You were talking about brownfields. Granted, we are in recession, as a DFI, which is reputable for development in Nigeria, you also focus on greenfields, I’ll like to know what your interventions have been across board in different sectors to date and even in states?
The Kaduna State Governor was there when we launched the YES Programme in March 2016 at the Hilton in Abuja, we invited all the governors and he attended. We have a state variant of the YES which is the KADSTEP (Kaduna State Entrepreneurship Programme). There are different components, we ask youths to submit business ideas online. They are evaluated by the BDSP- Business Development Service Providers -that we appointed.
When they review them, there is also classroom section. After the classroom section they prepare their business plans, and those that are potentially viable, we will support their plans. At the end of the classroom section, they will apply for loans and we process. The third batch of KADSTEP that is what we are on. At the national level, we are also second batch of the YES programme.
The first batch that applied in March, submitted business ideas, they were evaluated, those that scaled the first hurdle, went for the ten weeks online programmes. These people within the ages 30-35 in the greenfield and brownfield categories. Those that went through the online training sessions are now going the classroom sessions.
There are 2,500 undergoing the classroom session now in 20 locations in the six geo political zones. It’s a five-day programme, so we are expecting that when they finish they will turn in their application. We are expecting that we will be able to process about 10,000 in one year.
We are looking at 2,500 per quarter and we believe that 150,000 direct and indirect jobs will be created. In the second year, we will increase that amount from 10,000 to 20,000. This enables the number of potential jobs in excess of 300,000 jobs will be created. So these are some of the initiatives we are embarking now that are aimed at addressing youth unemployment in the country.
We have developed about forty clusters in line with our commodity-based industrialisation strategy. We are saying that we should promote projects that will add value to our natural resources endowment. We are highly endowed in agriculture, same thing for solid minerals and of course, we know of petroleum. The multiplier effect per unit of investment and developmental impact in the agriculture sector is higher than in other sectors.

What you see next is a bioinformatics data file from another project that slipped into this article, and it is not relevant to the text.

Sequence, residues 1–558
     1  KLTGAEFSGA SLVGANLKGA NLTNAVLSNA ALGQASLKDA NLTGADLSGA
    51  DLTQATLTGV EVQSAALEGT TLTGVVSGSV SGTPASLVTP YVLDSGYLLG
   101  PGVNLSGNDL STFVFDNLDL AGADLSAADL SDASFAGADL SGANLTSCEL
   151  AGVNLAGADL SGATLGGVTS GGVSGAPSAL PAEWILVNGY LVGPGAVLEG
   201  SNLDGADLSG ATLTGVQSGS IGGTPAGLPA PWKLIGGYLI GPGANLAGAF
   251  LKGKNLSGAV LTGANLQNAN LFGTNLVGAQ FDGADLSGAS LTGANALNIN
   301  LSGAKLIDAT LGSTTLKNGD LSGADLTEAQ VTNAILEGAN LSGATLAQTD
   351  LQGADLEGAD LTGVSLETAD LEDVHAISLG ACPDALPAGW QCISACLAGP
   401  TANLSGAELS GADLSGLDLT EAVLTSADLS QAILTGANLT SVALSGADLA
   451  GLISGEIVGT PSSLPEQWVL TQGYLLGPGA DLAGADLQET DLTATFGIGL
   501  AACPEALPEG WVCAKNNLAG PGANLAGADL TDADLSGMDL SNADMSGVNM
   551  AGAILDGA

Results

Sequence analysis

Therefore, we are paying attention to the agricultural sector, that was why we entered into an MoU with NIRSAL, under which we will guarantee up to 75 per cent exposure in the agricultural value chain, where necessary primary production, value addition, processing, packaging and those who render services to them along the value chain including transporters (those who move raw materials from the farm to the processors and the finished products) from the producers to distributors along the distribution chain; those that will impact the process positively, we will support them as well and jobs will be created along the line.
In terms of solid minerals, 44 of them have been identified in commercial quantities. We are working with a lot of professional bodies and industry groups and we are acquiring competence and skills in this area. At the moment, four of our staff are in IDC in South Africa. They are acquiring trainings in IDC. IDC have been able to support many mining projects and it is the oldest DFI in the world. It was established in1940, it predates the Bretton Woods institutions. Therefore that is an area we hope to play an actively as well. There are a lot of potentials. If you consider all our natural resources endowment, if we are to add value to them, we will not have enough manpower to do so.
That is why I’m saying unemployment in Nigeria is artificial, it is only those who insist on white collar jobs that are unemployed but anybody who wants to engage in production. And if they need enablement, that is why we (BoI, SMEDAN and others) are here. The BoI appointed 200 SME consultants across the country to partner and we are engaging enterprise development centres of the tertiary institutions in the country because almost all the universities and polytechnics have entrepreneurship development centres.
We are supporting and working with them, so that we can identify potentials entrepreneurs in the 36 states of the federation because there was a study conducted by the Raw Material Development Council (RMDC) the body was headed by Prof. Bamiro, the former Vice-chancellor of the University of Ibadan. They were able to document the raw materials available in all the 774 local government across the country. Most people are not aware so it is part of our efforts to enlighten Nigerians on the areas they have comparative advantages. There are some agricultural produce that just grow they don’t need fertilisers and every local government can support viable SMEs. We know that there are a challenge which is why we are discussing with UNIDO and other development partners.